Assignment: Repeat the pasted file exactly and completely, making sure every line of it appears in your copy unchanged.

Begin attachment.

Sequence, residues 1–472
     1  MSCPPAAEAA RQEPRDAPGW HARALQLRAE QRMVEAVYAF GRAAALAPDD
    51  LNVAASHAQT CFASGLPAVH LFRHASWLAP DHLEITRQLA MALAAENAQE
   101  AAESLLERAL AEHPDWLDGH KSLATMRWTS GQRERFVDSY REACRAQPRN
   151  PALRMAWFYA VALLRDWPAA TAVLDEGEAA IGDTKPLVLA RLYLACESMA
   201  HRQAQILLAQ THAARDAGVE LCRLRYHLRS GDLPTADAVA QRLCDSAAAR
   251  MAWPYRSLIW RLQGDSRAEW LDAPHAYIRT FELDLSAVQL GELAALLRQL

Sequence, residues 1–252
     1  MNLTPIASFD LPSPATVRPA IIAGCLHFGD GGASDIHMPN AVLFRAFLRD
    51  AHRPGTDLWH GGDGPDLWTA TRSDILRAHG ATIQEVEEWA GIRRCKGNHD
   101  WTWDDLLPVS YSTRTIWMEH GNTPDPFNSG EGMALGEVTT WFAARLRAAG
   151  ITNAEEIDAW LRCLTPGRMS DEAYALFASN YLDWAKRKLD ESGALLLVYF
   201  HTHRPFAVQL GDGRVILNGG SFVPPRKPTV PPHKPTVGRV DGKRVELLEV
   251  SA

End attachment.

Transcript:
Sequence, residues 1–472
     1  MSCPPAAEAA RQEPRDAPGW HARALQLRAE QRMVEAVYAF GRAAALAPDD
    51  LNVAASHAQT CFASGLPAVH LFRHASWLAP DHLEITRQLA MALAAENAQE
   101  AAESLLERAL AEHPDWLDGH KSLATMRWTS GQRERFVDSY REACRAQPRN
   151  PALRMAWFYA VALLRDWPAA TAVLDEGEAA IGDTKPLVLA RLYLACESMA
   201  HRQAQILLAQ THAARDAGVE LCRLRYHLRS GDLPTADAVA QRLCDSAAAR
   251  MAWPYRSLIW RLQGDSRAEW LDAPHAYIRT FELDLSAVQL GELAALLRQL

Sequence, residues 1–252
     1  MNLTPIASFD LPSPATVRPA IIAGCLHFGD GGASDIHMPN AVLFRAFLRD
    51  AHRPGTDLWH GGDGPDLWTA TRSDILRAHG ATIQEVEEWA GIRRCKGNHD
   101  WTWDDLLPVS YSTRTIWMEH GNTPDPFNSG EGMALGEVTT WFAARLRAAG
   151  ITNAEEIDAW LRCLTPGRMS DEAYALFASN YLDWAKRKLD ESGALLLVYF
   201  HTHRPFAVQL GDGRVILNGG SFVPPRKPTV PPHKPTVGRV DGKRVELLEV
   251  SA